What could possibly be wrong?

There is no scent of lavender on the breeze. You are not within arm's reach of a trowel. You see a rogue weed sprouting up from the lemon tree pot. You see a hydrangea in dire need of shade. You see a bougainvillea that needs ruthless pruning. There are hanging pots without cascading flowers. You are just a few tiny steps from earthbound perfection with no way to achieve it!

Until your wise and generous friend takes one look at your psychotic gaze and suggests cheerfully (mercifully), "Hey, would you want to help me set up a garden up here?"

You realize you have the most intuitive and generous friends on the planet. Barely able to maintain your grasp on the wineglass, you smother a squeal of excitement and embrace your friend while mumbling promises of greenery and flora she has never imagined.

To make a long and dramatic story short, Shelley asked me if I would want to help her garden. On her rooftop terrace. In Rome. With only my own vision to guide me.

Um, yes please.


And thus began my newly discovered dream of combining so many things I love; food, wine, gardening, friends, Rome, fall - into one big slaphappy event.

Now, of course, I couldn't wait to get started. I believe I immediately began rearranging furniture without finishing my wine, or even putting my glass down for that matter . So, you know I didn't get good "Before" shots with which to perform an impressive HGTV-ish comparison. I know, I know, I'll never make it on Curb Appeal with behavior like this. Perhaps you'll forgive me if I just show you lots and lots of "After" shots.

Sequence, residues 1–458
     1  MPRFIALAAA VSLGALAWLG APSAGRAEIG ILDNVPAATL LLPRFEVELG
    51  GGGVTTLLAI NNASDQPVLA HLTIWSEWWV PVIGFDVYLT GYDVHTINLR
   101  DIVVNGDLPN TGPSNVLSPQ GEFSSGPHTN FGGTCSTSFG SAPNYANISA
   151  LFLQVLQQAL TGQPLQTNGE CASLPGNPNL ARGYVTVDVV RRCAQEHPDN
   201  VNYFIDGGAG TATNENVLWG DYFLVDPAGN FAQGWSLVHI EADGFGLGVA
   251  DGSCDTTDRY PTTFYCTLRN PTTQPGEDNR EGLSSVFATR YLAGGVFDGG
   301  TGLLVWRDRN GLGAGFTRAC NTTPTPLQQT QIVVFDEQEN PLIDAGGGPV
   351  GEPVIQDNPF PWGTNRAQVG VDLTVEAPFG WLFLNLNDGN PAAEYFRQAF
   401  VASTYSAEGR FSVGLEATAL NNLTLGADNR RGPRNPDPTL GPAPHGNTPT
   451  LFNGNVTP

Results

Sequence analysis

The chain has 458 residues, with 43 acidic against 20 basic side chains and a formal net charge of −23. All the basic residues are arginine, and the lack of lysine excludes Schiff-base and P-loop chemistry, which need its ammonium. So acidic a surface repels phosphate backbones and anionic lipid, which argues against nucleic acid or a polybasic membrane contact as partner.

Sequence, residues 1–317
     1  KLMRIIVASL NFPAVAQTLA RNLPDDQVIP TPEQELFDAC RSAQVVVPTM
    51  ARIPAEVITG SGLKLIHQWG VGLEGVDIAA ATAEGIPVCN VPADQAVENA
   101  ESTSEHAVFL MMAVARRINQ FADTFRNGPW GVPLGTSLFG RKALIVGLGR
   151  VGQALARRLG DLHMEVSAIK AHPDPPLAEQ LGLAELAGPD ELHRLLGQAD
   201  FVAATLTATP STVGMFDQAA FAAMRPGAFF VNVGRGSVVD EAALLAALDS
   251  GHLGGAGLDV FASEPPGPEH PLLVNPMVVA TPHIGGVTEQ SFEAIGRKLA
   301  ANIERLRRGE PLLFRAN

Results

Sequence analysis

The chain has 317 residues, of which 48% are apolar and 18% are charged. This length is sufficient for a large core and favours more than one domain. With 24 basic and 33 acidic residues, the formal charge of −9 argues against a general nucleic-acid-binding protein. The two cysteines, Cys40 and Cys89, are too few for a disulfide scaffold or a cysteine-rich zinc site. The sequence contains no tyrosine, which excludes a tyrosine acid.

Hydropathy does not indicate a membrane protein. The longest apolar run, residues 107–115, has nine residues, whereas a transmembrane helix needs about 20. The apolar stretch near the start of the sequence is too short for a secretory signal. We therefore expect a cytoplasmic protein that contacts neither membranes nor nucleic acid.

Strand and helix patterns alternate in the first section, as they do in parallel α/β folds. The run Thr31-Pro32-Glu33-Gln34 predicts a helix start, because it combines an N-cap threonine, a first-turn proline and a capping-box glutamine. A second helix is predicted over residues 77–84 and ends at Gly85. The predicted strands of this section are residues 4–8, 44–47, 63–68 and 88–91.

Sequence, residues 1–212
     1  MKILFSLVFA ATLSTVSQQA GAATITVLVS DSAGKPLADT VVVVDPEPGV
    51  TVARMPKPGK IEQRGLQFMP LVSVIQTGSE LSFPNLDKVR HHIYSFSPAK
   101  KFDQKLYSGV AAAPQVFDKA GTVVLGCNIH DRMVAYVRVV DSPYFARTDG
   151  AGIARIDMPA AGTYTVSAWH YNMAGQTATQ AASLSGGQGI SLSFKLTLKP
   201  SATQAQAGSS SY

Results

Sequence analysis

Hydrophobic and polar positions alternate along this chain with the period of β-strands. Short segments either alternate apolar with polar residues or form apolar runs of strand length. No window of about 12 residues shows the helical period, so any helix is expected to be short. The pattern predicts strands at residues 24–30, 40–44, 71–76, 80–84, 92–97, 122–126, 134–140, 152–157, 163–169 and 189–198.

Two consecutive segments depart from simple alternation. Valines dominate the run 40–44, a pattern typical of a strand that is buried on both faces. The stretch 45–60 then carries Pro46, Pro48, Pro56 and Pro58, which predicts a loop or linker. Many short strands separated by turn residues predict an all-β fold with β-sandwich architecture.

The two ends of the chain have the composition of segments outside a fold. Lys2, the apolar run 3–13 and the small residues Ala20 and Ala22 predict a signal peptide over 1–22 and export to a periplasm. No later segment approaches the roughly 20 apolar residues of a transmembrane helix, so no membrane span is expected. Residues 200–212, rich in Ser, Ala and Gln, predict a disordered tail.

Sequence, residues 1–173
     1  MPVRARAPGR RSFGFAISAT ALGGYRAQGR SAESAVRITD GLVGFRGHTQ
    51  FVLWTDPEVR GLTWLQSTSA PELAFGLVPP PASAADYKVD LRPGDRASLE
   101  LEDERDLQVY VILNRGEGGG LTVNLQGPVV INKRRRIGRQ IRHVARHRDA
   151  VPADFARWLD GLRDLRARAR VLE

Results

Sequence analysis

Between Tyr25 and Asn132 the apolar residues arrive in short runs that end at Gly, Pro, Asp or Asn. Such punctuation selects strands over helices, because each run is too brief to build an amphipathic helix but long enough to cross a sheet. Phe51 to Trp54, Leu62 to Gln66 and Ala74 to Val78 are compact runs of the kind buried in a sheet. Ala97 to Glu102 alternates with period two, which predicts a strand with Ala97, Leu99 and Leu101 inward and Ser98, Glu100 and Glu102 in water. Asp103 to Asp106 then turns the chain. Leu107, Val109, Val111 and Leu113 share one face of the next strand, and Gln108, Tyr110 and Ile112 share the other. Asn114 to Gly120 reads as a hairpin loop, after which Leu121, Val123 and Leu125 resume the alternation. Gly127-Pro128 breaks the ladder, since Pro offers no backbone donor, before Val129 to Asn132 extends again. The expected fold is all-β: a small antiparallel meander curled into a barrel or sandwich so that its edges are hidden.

We started at Eurogarden,a multiacre gardening establishment the gargantuan-ness of which I am still having a hard time comprehending. It was simply huge. And situated cross traffic from ancient ruins and an historical rose garden dating back to the middle ages. Well, shucks.

Obviously I ran from the still-moving car toward the garden wagons. This was no time to worry ourselves with parking the car properly. Almost breaking out into a frenzied sweat I wandered the open-air aisles of the herb and flowering shrub area with forgiving Shelley in tow. It took us all of ten minutes to load down the wagons with enough lavender, mint, thyme, sage, lantana and succulents to outfit a terrace twice the size. We had no restraint. We piled on bulbs, sprinkler fittings and seeds (for the ever necessary plot of cat grass) waist high before we hauled our extra-full wagons to the conveyor belt (why haven't we begun employing this method of plant checkout in the States, yet?) for checkout. I was nearly effervescent with excitement. I'm sure the clerk thought me mildly insane.